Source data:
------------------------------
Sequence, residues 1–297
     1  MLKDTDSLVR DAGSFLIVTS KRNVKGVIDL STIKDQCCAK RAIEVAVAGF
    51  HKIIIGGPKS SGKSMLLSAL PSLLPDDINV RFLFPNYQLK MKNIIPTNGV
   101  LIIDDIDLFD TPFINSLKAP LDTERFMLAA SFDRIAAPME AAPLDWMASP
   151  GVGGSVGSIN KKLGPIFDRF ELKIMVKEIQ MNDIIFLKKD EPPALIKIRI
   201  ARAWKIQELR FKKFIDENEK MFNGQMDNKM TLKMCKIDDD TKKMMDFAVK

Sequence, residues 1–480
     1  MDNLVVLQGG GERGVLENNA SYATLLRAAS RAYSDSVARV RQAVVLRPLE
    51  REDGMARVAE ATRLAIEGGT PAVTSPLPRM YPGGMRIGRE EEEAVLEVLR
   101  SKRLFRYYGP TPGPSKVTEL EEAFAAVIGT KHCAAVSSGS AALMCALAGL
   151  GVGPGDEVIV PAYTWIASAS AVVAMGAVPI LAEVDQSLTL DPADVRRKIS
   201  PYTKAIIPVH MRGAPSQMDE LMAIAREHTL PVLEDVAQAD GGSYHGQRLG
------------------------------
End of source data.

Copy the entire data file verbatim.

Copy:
Sequence, residues 1–297
     1  MLKDTDSLVR DAGSFLIVTS KRNVKGVIDL STIKDQCCAK RAIEVAVAGF
    51  HKIIIGGPKS SGKSMLLSAL PSLLPDDINV RFLFPNYQLK MKNIIPTNGV
   101  LIIDDIDLFD TPFINSLKAP LDTERFMLAA SFDRIAAPME AAPLDWMASP
   151  GVGGSVGSIN KKLGPIFDRF ELKIMVKEIQ MNDIIFLKKD EPPALIKIRI
   201  ARAWKIQELR FKKFIDENEK MFNGQMDNKM TLKMCKIDDD TKKMMDFAVK

Sequence, residues 1–480
     1  MDNLVVLQGG GERGVLENNA SYATLLRAAS RAYSDSVARV RQAVVLRPLE
    51  REDGMARVAE ATRLAIEGGT PAVTSPLPRM YPGGMRIGRE EEEAVLEVLR
   101  SKRLFRYYGP TPGPSKVTEL EEAFAAVIGT KHCAAVSSGS AALMCALAGL
   151  GVGPGDEVIV PAYTWIASAS AVVAMGAVPI LAEVDQSLTL DPADVRRKIS
   201  PYTKAIIPVH MRGAPSQMDE LMAIAREHTL PVLEDVAQAD GGSYHGQRLG